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Some See Possible Credit Crunch for China

The traditional greeting for the Lunar New holiday celebration going on in China, Gong Xi Fa Cai in Mandarin, can be literally translated as “Congratulations, Get Rich.” Some experts say the

The traditional greeting for the Lunar New holiday celebration going on in China, Gong Xi Fa Cai in Mandarin, can be literally translated as “Congratulations, Get Rich.” Some experts say the getting rich part may be harder for investors in coming

One pessimist is the Hong Kong-based head of research at a Chinese-owned brokerage. I’ve referred to him in previous stories as “Dr. Gloom” because he doesn’t want to be identified by name and because cautious view of the state of the Chinese economy – a view that proved much more valid than the sunny market consensus through 2011 and most of 2012.

Last week he sent me an email recommending “a good piece on China” from global investment management firm GMO LLC. He said the stance taken by the article “is not much different from mine …, only in more depth.”

The GMO white paper says that although Chinese stock valuations look solid, “China scares us because it looks like a bubble economy.”

Feeding the Dragon: Why China’s Credit System Looks Vulnerable, which can be found here, states: “Our fears have not stopped us from buying emerging stocks, or indeed some Chinese stocks, but they have tempered our positions relative to what they would be if we were not concerned about the bubbly aspects of China.”

The article provides a sobering laundry list of concerns about China’s credit
system. They include:

*Excessive credit growth (combined with an epic real estate boom)

*An increase in bank off-balance-sheet exposures (masking a rise in leverage), and

*Widespread financial fraud and corruption (from fake valuations on collateral to
mis-selling of financial products)

GMO looks at each concern in detail and in an historical perspective.

Dr. Gloom said in his email his list is similar, adding over-supplies in many industries and lack of innovation.

It should be noted that experts have warned about major flaws in China’s economic machine since market reforms started to take hold in the early 1980s, but still, even with the recent dip in GDP growth, China chugs along with high-single-digit expansion. Many forecasts for 2013 are for GDP growth of slightly more than 8%. And being overly pessimistic about China might lead investors to miss a good  opportunity to make money, like the 24.4% surge in the Hang Seng Index in Hong Kong from September 5 last year to January 30.

However, the wide range and depth of concerns raised by GMO and Dr. Gloom deserve consideration.

The good doctor said the recent rebound in economic growth has partly been driven
by infrastructure investment and already duplicate and useless projects are
emerging in some cities. Meanwhile China’s decade-old plan to shift to consumption-driven growth remains stalled.

Economic statistics show an economic rebound in China, he said, but the reliability of the figures is questionable and company-level growth has seen only limited improvement.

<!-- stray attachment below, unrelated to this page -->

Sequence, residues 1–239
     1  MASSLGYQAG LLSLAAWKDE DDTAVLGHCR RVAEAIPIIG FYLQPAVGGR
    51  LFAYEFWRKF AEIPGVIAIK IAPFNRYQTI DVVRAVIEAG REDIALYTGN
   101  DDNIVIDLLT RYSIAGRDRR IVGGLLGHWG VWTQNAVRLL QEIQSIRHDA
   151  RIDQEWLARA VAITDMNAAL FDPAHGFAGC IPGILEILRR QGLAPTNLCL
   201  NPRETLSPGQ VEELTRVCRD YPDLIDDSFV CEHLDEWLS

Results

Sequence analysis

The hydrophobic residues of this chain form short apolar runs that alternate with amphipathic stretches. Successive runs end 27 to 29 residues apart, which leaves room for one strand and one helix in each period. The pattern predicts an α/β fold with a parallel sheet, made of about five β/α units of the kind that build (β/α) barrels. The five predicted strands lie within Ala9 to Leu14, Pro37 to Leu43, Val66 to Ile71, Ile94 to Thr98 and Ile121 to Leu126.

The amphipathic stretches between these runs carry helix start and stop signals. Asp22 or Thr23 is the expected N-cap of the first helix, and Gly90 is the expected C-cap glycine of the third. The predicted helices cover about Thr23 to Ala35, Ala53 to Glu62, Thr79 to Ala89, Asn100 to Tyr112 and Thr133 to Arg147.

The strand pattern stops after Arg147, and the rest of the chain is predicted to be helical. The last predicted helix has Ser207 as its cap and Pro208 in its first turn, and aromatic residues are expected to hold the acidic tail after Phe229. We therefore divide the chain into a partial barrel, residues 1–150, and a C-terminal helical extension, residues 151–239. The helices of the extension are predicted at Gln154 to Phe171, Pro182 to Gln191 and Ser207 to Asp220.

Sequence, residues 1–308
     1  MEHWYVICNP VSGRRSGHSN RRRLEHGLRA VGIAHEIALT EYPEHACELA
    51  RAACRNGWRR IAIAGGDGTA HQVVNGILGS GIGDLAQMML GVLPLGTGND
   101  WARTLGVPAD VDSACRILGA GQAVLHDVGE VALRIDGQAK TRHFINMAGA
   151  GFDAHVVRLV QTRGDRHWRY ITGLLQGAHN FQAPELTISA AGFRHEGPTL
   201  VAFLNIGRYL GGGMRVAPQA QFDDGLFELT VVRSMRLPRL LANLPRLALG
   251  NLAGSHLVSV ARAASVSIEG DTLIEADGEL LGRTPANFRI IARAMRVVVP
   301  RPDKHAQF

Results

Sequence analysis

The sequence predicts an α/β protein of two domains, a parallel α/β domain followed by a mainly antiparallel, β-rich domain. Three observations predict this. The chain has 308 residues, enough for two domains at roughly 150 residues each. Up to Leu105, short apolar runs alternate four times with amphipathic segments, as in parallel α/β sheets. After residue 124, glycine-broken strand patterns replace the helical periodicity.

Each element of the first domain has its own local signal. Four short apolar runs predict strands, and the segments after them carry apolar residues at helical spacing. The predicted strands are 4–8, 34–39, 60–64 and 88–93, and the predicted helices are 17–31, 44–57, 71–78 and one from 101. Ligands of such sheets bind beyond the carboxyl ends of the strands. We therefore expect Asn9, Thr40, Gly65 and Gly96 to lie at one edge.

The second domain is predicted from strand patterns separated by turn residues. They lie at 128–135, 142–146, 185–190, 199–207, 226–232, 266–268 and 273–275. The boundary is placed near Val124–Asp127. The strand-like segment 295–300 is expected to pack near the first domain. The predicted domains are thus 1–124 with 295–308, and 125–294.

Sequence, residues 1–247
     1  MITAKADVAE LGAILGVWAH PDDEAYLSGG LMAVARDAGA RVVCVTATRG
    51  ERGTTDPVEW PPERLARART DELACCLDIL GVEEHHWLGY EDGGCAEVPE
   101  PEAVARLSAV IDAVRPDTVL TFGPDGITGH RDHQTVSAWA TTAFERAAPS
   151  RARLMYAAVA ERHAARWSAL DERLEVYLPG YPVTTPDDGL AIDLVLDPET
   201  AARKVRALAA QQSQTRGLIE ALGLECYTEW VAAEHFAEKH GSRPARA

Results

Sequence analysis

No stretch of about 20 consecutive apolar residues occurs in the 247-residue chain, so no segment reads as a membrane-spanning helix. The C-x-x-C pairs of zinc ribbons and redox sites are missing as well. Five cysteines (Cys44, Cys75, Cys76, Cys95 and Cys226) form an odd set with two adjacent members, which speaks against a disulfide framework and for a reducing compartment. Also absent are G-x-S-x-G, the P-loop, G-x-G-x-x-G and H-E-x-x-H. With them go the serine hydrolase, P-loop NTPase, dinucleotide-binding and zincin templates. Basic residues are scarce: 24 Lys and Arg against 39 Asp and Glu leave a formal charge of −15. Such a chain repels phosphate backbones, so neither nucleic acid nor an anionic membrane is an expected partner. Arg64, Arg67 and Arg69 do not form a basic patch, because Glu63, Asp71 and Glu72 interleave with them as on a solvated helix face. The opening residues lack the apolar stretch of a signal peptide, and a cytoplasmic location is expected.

He thinks China may avoid a banking crisis. But he said, “Slower growth in the next 3-5 years will be inevitable, (with the) worst case scenario: China will follow the (slow growth) path of Japan.”

He said the “ideal solution” is for China’s new leaders to take bold actions to correct deep economic problems, possibly leading to a downturn but promising good prospects in three to five years.

With no significant changes, Dr. Gloom said, growth will be slow and the stock market will range trade, although the range may be wide enough to fool people into thinking a bull or bear market is returning.

He said if the bubble bursts there is “a lot of downside,” with the Shanghai Composite Index possibly plunging to 1,500 from its current level of 2,432.  End


Hong Kong Blue Chips: +198, +0.8%, to 23,413, 2-14-13, Hang Seng Index

Chinese Stocks in Hong Kong: +172, +1.5%, to 11,823, 2-14-13, HSCE Index

Shanghai Stocks: +14, +0.6%, to 2,432, 2-8-13, Shanghai Composite Index. Closed for holiday

Chinese Stocks in the U.S.: -5.2, 386.4, 2-7-13, Bank of New York Mellon, ADR Index-China

Insight: Hong Kong opened higher after being closed for a long weekend celebrating the Lunar New Year. Blue chips rose 250 points at one time, but gains eroded in slow, cautious trading without any signals from Mainland markets, which remain closed. Chinese properties rebounded from recent weakness: China Overseas Land (CAOVY) +2.5%. KGI Research

Quotable: “Trading volume of the local bourse is likely to be low after the Lunar New Year holiday break next week, as the Mainland stock markets would close for the whole week. The Hang Seng Index is expected to hold grounds above the 23,000 level, as buying spree would gradually pick up steam, as the March earnings reporting season approaches.” BEA Securities. 2-13-13

Chinese Company to Watch: “SINOPEC CORP (SNP). Plans to use proceeds to … acquire parent company upstream, which will … boost margin. Prospective P/E of 8x.” KGI Asia. 2-14-13

Brokerages and analysts cited here have disclaimers on their websites emphasizing their statements are for information only. They do not endorse my blog, and I don’t endorse them.

For a list of Chinese companies sold in the U.S. and information on each company, click here.